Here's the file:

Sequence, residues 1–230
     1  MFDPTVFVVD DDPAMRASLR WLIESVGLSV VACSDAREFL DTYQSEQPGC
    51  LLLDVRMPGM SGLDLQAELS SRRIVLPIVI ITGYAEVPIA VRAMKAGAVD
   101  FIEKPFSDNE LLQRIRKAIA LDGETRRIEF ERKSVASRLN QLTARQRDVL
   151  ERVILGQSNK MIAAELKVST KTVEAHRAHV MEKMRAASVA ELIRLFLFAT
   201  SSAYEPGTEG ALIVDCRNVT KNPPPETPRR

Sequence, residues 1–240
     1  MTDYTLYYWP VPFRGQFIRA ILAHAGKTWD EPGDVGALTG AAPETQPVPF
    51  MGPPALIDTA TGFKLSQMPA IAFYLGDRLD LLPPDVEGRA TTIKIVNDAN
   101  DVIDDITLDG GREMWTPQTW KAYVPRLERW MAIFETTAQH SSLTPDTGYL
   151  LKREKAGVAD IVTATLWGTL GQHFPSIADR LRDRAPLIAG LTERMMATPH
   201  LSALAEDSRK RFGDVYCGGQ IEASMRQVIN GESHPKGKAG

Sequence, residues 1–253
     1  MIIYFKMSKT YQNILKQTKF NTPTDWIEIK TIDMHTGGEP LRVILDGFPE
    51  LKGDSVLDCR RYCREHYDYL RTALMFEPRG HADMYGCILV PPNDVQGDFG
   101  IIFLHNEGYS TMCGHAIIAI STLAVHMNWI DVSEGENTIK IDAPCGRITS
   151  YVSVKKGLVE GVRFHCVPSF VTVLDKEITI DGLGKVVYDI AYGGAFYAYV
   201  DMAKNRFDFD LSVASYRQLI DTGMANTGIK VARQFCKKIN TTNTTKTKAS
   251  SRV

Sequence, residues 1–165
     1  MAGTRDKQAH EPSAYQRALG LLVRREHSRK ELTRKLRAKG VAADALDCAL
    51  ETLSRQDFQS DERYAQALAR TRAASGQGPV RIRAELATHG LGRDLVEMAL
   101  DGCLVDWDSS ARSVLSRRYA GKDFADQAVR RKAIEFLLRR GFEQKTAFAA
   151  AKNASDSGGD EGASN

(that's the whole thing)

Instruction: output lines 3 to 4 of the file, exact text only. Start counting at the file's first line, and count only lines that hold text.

    51  LLLDVRMPGM SGLDLQAELS SRRIVLPIVI ITGYAEVPIA VRAMKAGAVD
   101  FIEKPFSDNE LLQRIRKAIA LDGETRRIEF ERKSVASRLN QLTARQRDVL